CBS Source: Roberts Switched Health Care Vote


Supreme Court Chief Justice John Roberts switched his vote to create a 5-4 majority last week upholding the Obama administration's health insurance law. That's according Anthony Kennedyto a source for CBS News, which published a report July 1.

Roberts initially sided with the court's four conservative members to overturn President Barack Obama's individual mandate, according to a summary of the CBS report, Roberts switched views to uphold health care law, by Jan Crawford based on two sources:

Roberts then withstood a month-long, desperate campaign to bring him back to his original position, the sources said. Ironically, Justice Anthony Kennedy - believed by many conservatives to be the justice most likely to defect and vote for the law - led the effort to try to bring Roberts back to the fold. "He was relentless," one source said of Kennedy's efforts. "He was very engaged in this." But this time, Roberts held firm. And so the conservatives handed him their own message which, as one justice put it, essentially translated into, "You're on your own." The conservatives refused to join any aspect of his opinion, including sections with which they agreed.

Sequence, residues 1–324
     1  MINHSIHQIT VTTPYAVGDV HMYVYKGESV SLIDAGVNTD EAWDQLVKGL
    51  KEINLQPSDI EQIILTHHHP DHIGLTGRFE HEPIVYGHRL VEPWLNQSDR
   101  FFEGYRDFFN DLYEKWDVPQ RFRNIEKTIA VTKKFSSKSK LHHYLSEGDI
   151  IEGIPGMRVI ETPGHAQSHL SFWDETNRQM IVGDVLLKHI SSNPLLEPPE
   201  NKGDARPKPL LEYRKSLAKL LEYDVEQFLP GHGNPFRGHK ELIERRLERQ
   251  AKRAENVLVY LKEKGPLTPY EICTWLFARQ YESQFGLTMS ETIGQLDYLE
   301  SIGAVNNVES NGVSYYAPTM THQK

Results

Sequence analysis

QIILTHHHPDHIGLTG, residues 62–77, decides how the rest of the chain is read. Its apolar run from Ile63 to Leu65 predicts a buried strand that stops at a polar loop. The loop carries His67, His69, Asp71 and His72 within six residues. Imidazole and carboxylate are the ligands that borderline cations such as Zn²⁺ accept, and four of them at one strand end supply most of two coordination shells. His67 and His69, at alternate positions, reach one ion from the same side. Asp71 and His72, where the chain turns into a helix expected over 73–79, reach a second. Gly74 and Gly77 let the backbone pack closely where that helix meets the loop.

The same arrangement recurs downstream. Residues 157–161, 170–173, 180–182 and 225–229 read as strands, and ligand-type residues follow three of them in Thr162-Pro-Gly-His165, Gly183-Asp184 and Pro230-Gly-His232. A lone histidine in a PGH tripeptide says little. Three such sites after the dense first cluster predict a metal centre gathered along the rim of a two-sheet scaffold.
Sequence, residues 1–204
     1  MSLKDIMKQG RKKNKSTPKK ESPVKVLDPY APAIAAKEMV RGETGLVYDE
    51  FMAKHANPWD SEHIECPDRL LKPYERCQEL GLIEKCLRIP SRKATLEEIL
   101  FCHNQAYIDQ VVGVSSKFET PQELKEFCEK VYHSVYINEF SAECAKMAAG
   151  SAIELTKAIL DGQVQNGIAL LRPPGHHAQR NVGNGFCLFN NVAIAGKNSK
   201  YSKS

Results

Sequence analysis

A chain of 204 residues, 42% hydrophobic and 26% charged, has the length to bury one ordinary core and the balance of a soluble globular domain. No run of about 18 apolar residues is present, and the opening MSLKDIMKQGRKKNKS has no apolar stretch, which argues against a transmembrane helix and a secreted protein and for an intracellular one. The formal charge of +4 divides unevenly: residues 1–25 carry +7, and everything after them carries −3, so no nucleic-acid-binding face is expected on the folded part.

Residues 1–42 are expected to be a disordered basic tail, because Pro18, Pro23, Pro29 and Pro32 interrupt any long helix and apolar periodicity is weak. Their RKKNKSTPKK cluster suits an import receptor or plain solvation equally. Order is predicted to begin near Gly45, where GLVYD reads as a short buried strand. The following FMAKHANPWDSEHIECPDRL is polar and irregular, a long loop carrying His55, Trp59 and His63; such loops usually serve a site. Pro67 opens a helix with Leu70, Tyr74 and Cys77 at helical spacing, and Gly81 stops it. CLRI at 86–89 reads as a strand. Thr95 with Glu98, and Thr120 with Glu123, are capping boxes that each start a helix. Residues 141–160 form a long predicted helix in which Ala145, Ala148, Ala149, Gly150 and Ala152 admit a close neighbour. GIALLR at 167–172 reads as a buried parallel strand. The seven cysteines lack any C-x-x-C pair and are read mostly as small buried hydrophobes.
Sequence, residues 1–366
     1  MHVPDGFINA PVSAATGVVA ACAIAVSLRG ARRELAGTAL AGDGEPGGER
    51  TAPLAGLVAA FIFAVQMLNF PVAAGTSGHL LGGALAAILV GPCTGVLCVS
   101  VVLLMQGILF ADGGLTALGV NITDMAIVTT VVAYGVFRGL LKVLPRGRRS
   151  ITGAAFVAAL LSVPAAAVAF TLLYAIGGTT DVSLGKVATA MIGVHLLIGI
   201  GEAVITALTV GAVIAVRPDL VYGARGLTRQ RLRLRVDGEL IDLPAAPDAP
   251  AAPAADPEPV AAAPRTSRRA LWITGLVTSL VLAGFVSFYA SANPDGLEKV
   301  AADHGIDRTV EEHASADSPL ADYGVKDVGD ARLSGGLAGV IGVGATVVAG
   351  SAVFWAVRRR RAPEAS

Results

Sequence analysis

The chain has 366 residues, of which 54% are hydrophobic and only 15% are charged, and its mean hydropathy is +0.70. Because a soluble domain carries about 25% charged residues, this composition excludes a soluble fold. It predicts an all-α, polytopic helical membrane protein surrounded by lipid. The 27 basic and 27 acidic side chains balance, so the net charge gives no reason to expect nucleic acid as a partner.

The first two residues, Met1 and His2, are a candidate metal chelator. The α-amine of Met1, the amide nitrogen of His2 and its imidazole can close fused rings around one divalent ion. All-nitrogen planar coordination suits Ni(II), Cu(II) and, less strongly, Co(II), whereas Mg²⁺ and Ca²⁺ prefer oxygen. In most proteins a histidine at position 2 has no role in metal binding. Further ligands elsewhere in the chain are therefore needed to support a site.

My view, not unique, is that Roberts realized many in the public would be furious at his court if it ruled yet again on a 5-4 vote to override Congress on a major issue, with all Republicans in the majority against four Democrats. The court is in the virtually unprecedented position of having all of its most conservative members in one party and becoming increasingly pro-active in advocating from the bench for political results.